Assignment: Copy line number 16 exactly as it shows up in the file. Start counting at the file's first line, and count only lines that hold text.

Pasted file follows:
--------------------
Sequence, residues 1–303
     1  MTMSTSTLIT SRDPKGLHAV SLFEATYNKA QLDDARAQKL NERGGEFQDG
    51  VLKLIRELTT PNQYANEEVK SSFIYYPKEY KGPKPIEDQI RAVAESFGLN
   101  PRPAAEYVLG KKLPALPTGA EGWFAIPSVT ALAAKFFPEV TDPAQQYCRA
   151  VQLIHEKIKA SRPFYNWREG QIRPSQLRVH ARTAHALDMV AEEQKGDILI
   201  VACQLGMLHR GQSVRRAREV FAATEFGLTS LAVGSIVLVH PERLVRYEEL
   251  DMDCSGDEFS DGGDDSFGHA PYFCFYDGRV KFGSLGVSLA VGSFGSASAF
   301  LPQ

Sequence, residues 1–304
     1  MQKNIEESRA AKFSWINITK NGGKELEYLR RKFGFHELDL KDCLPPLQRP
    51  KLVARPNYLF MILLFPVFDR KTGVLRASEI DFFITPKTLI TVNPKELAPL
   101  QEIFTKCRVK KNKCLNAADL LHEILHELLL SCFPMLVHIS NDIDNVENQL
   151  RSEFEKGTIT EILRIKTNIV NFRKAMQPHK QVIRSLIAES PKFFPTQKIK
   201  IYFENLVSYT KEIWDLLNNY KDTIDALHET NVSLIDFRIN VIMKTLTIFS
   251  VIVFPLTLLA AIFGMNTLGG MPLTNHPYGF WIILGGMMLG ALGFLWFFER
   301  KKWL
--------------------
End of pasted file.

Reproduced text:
   301  KKWL